You as a sponge

SpongebobI think everyone has noticed themselves, at some time or another, unconsciously picking up the slang, style, or even mannerisms of friends and coworkers. It seems that we have all have this sponge-like ability to soak things up and make them our own. I think this is something we are all pre-programmed to do as social animals – as babies we start right off learning the languages, accents, and even expressions of our parents – and we never stop.

This sprang to mind while reading an entry in Seth’s blog on marketing, who points out a recent study on how obesity is contagious. It brings to light something all of us who consider ourselves strong and independent hate to admit: we are constantly and deeply influenced by the company we keep, it happens unconsciously in ways that we can’t prevent, and it goes much deeper than our percentage body fat. At any point we might become more carefree, more careless, more religious, more promiscuous, more motivated, more happy or depressed – based on the people who are around us.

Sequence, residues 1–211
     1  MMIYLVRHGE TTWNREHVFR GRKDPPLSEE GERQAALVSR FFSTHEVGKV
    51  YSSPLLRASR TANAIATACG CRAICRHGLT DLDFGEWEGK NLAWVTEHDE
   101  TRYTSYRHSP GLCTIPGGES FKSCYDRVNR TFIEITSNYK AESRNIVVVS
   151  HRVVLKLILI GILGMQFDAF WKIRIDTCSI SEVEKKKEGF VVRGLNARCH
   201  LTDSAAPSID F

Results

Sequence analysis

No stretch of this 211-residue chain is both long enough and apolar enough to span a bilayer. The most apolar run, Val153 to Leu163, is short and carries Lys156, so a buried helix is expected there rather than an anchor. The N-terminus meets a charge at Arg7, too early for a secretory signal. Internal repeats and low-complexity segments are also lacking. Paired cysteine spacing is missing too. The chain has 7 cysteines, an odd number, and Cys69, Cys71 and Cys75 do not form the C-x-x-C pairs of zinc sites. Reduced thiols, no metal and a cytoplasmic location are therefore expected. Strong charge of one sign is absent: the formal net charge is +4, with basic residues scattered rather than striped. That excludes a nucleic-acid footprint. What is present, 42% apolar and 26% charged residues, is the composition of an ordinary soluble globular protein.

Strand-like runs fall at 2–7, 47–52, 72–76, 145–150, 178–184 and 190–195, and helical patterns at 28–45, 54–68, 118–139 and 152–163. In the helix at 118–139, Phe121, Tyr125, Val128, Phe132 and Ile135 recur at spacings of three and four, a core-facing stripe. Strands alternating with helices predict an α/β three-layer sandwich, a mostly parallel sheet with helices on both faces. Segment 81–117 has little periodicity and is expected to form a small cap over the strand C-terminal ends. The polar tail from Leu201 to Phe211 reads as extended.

There are many contexts in which remembering this simple fact is useful – at home (how is your significant other changing you and you him/her? who are your kids hanging out with?) and at work (how does your team influence each other? how can you introduce a product into a group of heavy influencers in the market?). In that art most tied to influence, sales, it explains how the most successful salespeople open up opportunities to influence by being the kind of person those prospects want to be around.

But more personally, it’s a good piece of introspection. Who in your life influences you to be more like you want to be? More importantly, who really takes you off-track? The people you have in your life is a choice, why did you choose the ones you have?

You can’t change the fact that you are a sponge, but you can change who provides the inputs.

UPDATE: I like the related post over on Signal vs. Noise, In the Presence of Greatness


One thought on “You as a sponge

  1. For some reason, in the past few months I’ve moved from saying often with the ‘t’ silent, like “of-en” to stating the ‘t’ in a subtle way, like “of-ten”. I don’t know where I picked it up.

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